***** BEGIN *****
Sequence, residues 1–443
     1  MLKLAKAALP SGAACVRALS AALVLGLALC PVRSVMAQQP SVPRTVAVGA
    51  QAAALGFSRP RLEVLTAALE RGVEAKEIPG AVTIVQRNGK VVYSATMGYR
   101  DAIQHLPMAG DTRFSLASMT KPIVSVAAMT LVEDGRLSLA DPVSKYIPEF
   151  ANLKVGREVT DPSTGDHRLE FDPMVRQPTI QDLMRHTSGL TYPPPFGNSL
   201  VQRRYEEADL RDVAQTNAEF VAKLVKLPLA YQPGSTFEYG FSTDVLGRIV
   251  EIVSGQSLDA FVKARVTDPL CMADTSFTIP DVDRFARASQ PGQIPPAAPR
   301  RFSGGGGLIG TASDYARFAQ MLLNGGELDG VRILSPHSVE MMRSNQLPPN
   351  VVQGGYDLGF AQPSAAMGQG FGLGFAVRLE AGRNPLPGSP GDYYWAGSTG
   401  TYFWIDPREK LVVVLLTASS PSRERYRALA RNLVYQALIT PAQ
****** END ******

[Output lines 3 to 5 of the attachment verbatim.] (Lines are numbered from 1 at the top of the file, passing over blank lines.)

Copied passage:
    51  QAAALGFSRP RLEVLTAALE RGVEAKEIPG AVTIVQRNGK VVYSATMGYR
   101  DAIQHLPMAG DTRFSLASMT KPIVSVAAMT LVEDGRLSLA DPVSKYIPEF
   151  ANLKVGREVT DPSTGDHRLE FDPMVRQPTI QDLMRHTSGL TYPPPFGNSL